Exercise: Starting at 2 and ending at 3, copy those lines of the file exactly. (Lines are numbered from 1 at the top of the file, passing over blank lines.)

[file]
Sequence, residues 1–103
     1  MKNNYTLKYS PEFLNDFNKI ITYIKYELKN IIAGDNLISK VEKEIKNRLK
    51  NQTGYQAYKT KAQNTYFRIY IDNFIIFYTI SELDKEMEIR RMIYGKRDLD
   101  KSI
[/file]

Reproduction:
     1  MKNNYTLKYS PEFLNDFNKI ITYIKYELKN IIAGDNLISK VEKEIKNRLK
    51  NQTGYQAYKT KAQNTYFRIY IDNFIIFYTI SELDKEMEIR RMIYGKRDLD